But Ratzinger was also responsible for one of the most important in-house reforms at the Vatican: requiring all cases of clergy sex abuse be sent to his office for processing. The 2001 change was a response to mounting evidence that bishops were moving priestly abusers around rather than sanctioning them.
The 256th Pope
Ratzinger was the favorite going into the 2005 conclave after John Paul’s death, and he was elected on the fourth round of voting after the runner-up, Argentine Cardinal Jorge Mario Bergoglio — the future Pope Francis — took himself out of the running.
Benedict had big shoes to fill, and he set about trying to remind Europe of its Christian roots while also seeking improved ties with China and the Orthodox Church.
Pope Benedict XVI greets the crowd gathered in St Mark's Square while crossing the square on an electric car on May 7, 2011 in Venice, Italy. (Photo by Marco Secchi/Getty Images)
But his eight-year papacy was marred by a series of communications blunders, missteps and scandals that culminated with a Vatican criminal trial of his former butler who was accused of leaking his personal correspondence to a journalist.
Relations with Jews and Muslims
Benedict made an outreach to Jews a hallmark of his papacy, and in one of his most significant acts, he made a sweeping exoneration of the Jewish people for the death of Christ.
But he also enraged Jewish groups when he rehabilitated a Holocaust-denying bishop — a scandal that he admitted could have been avoided if someone at the Vatican had done a simple internet search of the bishop’s name.
A file photo dated on November 29, 2006 shows former Pope Emeritus Benedict XVI (L) and Bartholomew I (R) attends Thanksgiving at the St. George's Cathedral in Istanbul, Turkiye. (Photo by N. Manginas/Anadolu Agency via Getty Images)
Benedict’s relations with Muslims were more fraught. He roiled the Islamic world with a 2006 speech in Regensburg, Germany, in which he quoted a Byzantine emperor who characterized some of the teachings of the Prophet Muhammad as "evil and inhuman," particularly his command to spread the faith "by the sword."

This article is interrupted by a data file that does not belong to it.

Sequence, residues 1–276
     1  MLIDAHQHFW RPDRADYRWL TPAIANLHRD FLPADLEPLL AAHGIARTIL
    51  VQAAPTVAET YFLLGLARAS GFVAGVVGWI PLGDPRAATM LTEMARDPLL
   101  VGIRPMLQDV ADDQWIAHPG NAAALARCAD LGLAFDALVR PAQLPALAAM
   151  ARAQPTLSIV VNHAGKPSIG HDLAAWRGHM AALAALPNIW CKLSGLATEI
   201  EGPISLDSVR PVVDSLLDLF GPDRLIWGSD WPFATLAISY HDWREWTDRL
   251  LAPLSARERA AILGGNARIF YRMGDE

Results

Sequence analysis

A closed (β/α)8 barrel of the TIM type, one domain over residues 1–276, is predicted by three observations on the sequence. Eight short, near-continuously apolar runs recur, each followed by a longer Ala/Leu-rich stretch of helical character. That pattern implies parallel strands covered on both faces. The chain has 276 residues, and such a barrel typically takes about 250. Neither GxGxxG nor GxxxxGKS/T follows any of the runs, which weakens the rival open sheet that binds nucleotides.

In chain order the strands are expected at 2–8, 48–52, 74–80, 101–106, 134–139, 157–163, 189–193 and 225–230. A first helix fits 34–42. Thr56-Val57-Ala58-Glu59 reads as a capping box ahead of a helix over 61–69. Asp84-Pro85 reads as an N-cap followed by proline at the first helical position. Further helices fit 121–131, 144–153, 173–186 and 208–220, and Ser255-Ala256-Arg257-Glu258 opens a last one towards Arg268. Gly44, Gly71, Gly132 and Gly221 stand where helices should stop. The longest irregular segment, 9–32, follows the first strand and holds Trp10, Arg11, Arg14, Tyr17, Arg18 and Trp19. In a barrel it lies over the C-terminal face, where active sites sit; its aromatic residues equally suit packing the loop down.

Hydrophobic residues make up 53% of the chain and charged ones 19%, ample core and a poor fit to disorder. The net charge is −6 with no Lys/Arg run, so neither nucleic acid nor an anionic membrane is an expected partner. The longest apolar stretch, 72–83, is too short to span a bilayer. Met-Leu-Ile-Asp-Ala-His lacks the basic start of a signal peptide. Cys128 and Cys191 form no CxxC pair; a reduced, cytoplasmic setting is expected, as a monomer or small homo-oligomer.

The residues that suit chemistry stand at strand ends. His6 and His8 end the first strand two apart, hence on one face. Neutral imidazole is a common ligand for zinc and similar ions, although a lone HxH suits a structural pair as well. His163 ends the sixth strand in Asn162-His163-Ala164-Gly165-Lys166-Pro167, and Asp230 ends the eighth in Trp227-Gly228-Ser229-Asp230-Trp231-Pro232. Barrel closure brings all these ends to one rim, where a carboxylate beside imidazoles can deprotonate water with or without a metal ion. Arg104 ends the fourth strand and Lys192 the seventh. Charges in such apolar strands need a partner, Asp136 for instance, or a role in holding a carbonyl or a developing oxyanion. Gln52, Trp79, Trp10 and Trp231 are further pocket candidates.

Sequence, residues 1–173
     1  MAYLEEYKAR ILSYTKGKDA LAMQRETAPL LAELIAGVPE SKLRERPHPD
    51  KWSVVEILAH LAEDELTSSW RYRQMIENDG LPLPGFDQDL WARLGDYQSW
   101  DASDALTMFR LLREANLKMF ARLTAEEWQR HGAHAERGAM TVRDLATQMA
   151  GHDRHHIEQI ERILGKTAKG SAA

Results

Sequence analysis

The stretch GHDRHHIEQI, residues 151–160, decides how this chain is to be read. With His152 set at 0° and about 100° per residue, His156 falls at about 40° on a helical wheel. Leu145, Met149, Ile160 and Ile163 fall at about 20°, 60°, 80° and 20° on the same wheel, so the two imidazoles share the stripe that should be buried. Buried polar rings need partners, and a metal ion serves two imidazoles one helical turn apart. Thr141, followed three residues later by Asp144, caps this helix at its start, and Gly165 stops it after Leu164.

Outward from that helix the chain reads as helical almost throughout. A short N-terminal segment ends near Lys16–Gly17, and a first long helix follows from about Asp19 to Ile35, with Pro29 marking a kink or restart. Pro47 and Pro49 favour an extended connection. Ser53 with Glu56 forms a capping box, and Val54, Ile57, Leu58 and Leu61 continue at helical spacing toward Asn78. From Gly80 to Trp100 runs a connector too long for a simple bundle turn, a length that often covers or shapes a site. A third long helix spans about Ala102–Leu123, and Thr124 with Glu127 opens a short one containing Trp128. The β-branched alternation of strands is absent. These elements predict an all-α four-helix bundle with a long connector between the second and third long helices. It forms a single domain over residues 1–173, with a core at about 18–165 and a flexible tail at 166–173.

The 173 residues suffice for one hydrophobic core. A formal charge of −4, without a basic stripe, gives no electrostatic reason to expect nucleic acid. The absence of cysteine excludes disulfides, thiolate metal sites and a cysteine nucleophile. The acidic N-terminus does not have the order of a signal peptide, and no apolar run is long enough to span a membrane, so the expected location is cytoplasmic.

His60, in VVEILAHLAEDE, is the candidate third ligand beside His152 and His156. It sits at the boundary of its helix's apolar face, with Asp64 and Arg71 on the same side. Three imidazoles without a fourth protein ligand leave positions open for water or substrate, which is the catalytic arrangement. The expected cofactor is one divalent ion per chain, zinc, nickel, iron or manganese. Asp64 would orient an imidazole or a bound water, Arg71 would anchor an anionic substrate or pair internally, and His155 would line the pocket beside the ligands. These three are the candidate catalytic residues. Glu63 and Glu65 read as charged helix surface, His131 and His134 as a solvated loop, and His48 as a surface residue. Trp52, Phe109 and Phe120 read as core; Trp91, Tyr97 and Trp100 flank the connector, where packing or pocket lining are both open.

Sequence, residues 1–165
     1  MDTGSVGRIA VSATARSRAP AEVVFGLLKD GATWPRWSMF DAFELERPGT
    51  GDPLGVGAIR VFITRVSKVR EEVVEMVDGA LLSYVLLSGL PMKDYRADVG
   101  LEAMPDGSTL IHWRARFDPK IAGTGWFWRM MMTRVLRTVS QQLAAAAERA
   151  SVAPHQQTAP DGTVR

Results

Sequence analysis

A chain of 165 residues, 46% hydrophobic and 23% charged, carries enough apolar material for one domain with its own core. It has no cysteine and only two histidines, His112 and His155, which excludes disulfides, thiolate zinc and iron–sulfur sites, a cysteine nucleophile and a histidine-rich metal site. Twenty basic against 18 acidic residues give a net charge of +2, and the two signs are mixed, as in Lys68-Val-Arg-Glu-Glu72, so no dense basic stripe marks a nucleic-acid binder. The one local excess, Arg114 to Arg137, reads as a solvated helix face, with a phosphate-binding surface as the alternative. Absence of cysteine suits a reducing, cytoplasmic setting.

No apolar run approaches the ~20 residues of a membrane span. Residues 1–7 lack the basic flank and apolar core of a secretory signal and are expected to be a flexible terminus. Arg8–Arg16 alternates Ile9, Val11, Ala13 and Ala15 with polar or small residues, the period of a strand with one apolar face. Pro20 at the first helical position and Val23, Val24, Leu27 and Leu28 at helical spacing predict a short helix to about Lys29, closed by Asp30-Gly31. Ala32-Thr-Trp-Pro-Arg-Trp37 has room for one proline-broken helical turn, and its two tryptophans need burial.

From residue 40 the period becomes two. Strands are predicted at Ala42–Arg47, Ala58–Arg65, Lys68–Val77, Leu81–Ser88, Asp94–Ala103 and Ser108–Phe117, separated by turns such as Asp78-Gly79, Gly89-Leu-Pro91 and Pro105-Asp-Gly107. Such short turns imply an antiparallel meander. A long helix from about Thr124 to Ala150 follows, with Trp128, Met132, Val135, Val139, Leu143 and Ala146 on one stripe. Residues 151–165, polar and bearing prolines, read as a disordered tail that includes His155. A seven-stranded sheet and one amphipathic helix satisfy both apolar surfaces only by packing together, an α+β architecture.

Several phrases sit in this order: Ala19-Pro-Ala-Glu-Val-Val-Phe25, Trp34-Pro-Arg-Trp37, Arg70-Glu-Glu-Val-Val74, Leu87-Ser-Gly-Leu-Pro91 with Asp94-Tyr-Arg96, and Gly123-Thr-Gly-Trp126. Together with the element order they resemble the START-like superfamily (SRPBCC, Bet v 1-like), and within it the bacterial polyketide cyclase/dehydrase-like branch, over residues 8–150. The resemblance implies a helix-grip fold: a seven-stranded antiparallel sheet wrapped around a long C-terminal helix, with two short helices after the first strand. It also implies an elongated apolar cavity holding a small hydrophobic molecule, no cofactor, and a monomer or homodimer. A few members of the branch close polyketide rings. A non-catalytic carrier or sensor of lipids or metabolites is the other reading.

A subsequent comment after the massacre of Christians in Egypt led the Al Azhar center in Cairo, the seat of Sunni Muslim learning, to suspend ties with the Vatican, which were only restored under Francis.
Benedict chose Feb. 11, 2013 — a Vatican holiday, with a routine audience with his cardinals — to make the historic announcement in Latin that he would become the first pope since Gregory XII in 1415 to resign.
A file photo dated on September 07, 2007 shows former Pope Emeritus Benedict XVI speaks at a conference in Vienna, Austria. Pope Emeritus Benedict XVI died at his Vatican residence on Saturday at age 95. (Photo by Ali Haydar Yurtsever/Anadolu Agency
While the decision took the world by surprise, Benedict had been nursing it for months. He had taken a nighttime fall during a 2012 trip to Mexico that confirmed to him that he could no longer keep up with the grueling, globe-trotting demands of the 21st century papacy.
Benedict told the cardinals that because of his age, he no longer had the required "strength of mind and body" to do the job and was freely deciding to renounce his papal ministry.
He left the Vatican on Feb. 28, 2013, flying by helicopter to the papal summer retreat in Castel Gandolfo, south of Rome, where he spent the first months of his retirement.
Benedict largely kept to his word that he would live a lifetime of prayer and meditation "hidden to the world" in the converted monastery in the Vatican gardens.
But he remained a point of reference for traditionalists nostalgic for his orthodox papacy. And his few public pronouncements as "pope emeritus" made headlines and fueled calls for guidelines for future retired popes to prevent confusion about who was really in charge.
Pope Benedict XVI gives Christmas Night Mass at St. Peter's Basilica on December 24, 2009 in Vatican City, Vatican. The mass on Christmas Eve and Christmas Day are scheduled to be televised in an estimated 73 countries. (Photo by Franco Origlia/Getty
The most damaging incident was his participation in a 2020 book about preserving celibacy for Catholic priests. It was published at the precise moment that Francis was weighing whether to relax celibacy in the Amazon to address a priest shortage.
The ensuing scandal resulted in Francis essentially firing Benedict’s longtime secretary.